I know I am stating the obvious here but it needs to be said. A news article has to be about an event or occurence that is interesting enough to be reported. In other words, it has to interest the reader and subsequently generate traffic for the publisher.
We all had to write a report for English class in school. Because of that, you know that a report is an account given of a particular matter, especially in the form of an official document, after thorough investigation or consideration by an appointed person or body. For publication, make it interesting.
This includes all genres:
Untold human interest stories
Art cartoons illustration
Publishers may be going for a particular genre, like horror when it’s Halloween time. The genre is usually stated in the call for articles if there is a particular preference.
Call for submission
Publishers in any capacity put out calls for submissions when they are looking for fresh material to publish on their various platforms. You can get a bunch of these in your inbox every single week if you sign up for the This Week’s Paying Online Opportunities newsletter here.
These can be provided or you may be asked to find your own. That decision depends on the preference of the editors. How to topics are quite popular – tutorial type stuff.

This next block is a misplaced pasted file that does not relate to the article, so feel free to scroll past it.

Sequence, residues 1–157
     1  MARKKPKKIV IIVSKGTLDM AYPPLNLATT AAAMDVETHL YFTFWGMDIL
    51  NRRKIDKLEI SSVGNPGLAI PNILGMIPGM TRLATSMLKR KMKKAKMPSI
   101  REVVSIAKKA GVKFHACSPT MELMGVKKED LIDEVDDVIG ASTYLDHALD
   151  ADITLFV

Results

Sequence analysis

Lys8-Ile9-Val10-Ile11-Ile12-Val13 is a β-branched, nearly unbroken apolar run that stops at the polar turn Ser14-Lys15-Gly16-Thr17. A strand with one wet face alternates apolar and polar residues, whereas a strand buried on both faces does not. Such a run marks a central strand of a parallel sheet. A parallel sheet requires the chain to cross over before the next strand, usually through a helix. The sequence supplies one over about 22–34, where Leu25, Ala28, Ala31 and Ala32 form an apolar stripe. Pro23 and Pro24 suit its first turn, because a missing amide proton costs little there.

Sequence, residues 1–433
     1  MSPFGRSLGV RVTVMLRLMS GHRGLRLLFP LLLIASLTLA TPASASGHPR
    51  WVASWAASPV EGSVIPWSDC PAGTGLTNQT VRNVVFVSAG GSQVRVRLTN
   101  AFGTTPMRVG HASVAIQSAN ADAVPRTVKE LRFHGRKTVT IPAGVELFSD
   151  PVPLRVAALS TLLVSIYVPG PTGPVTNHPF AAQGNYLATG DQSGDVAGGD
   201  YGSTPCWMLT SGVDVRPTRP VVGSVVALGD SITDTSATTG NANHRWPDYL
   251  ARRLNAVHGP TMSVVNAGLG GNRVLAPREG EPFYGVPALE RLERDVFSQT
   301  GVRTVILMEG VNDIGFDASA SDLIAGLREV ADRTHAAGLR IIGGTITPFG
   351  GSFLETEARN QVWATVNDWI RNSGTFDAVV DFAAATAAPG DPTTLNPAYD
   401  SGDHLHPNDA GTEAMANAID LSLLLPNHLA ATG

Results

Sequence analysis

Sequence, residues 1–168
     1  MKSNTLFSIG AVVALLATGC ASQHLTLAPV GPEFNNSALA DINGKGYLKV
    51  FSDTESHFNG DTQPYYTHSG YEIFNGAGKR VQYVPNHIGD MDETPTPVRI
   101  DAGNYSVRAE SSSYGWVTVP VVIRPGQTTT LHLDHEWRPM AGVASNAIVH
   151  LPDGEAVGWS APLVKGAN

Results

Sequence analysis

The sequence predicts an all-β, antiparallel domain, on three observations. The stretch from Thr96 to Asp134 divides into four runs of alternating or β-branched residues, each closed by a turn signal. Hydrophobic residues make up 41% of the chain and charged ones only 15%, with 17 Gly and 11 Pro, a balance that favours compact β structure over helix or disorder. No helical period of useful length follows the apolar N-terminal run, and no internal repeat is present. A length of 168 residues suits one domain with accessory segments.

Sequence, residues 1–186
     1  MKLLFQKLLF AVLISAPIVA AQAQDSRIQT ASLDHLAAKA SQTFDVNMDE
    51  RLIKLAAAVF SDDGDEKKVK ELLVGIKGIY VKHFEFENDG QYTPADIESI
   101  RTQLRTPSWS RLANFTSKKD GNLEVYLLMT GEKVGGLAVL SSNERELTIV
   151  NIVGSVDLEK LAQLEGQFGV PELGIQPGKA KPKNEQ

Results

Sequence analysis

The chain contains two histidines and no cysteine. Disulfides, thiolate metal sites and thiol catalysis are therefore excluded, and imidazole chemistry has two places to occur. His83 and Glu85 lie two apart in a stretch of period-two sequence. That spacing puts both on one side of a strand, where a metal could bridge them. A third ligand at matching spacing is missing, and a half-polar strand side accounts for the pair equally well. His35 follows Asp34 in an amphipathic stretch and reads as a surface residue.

How do you find your own topic?
If you need inspiration for topics to write about, there are a number of places that you should check out. Some options include:
Google – under what people also search for
Other blog posts
If you type in the general subject matter that you are interested in writing about on any of these platforms, questions and possible topic suggestions will not be too hard to find. Never be afraid to try, you never know what will open doors for you.
Research research research!
I cannot emphasize this enough. You must have solid backing for your ideas, and that backing comes from doing copious amounts of research. You also need to familiarise yourself with what other people have written about your topic, and then steer clear of that! Dare to be different, write what nobody else has in a way that is different. Trust me when I say that this works. I’ve tried it.
Which ‘voice’ should you write in?
Editors generally will tell you what they prefer. Common requests have been for a voice that is:
Conversational (bloggy, friendly)
Many publishers emphasized that last one and so I have too. Don’t lecture people…nobody needs that! People have to deal with enough judgement out there in their day to day lives, don’t give them more of the same.
Which point of view is best?
1st person is wanted by many, though others don’t want it. Again, publishers usually do let you know what they want to see.
Which perspective is better?
Most publishers give you the option to either write as an expert or as a beginner. The latter is my personal favourite because I try to not take it for granted that everyone already has the necessary foundational knowledge for my chosen topic.